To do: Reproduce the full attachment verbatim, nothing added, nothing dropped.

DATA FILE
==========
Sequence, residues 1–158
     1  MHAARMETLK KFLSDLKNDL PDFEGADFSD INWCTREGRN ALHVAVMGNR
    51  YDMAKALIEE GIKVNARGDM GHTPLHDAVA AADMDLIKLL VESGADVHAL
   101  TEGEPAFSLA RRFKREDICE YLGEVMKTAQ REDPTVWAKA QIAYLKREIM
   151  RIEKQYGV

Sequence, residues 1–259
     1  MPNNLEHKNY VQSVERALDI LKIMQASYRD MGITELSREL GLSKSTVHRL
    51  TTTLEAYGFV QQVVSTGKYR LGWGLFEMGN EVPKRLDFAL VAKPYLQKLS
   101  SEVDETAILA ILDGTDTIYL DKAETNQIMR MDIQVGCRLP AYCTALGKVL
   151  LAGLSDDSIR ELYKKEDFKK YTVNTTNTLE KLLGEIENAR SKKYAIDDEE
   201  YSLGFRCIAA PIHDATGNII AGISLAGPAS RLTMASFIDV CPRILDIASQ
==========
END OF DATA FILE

Sequence, residues 1–158
     1  MHAARMETLK KFLSDLKNDL PDFEGADFSD INWCTREGRN ALHVAVMGNR
    51  YDMAKALIEE GIKVNARGDM GHTPLHDAVA AADMDLIKLL VESGADVHAL
   101  TEGEPAFSLA RRFKREDICE YLGEVMKTAQ REDPTVWAKA QIAYLKREIM
   151  RIEKQYGV

Sequence, residues 1–259
     1  MPNNLEHKNY VQSVERALDI LKIMQASYRD MGITELSREL GLSKSTVHRL
    51  TTTLEAYGFV QQVVSTGKYR LGWGLFEMGN EVPKRLDFAL VAKPYLQKLS
   101  SEVDETAILA ILDGTDTIYL DKAETNQIMR MDIQVGCRLP AYCTALGKVL
   151  LAGLSDDSIR ELYKKEDFKK YTVNTTNTLE KLLGEIENAR SKKYAIDDEE
   201  YSLGFRCIAA PIHDATGNII AGISLAGPAS RLTMASFIDV CPRILDIASQ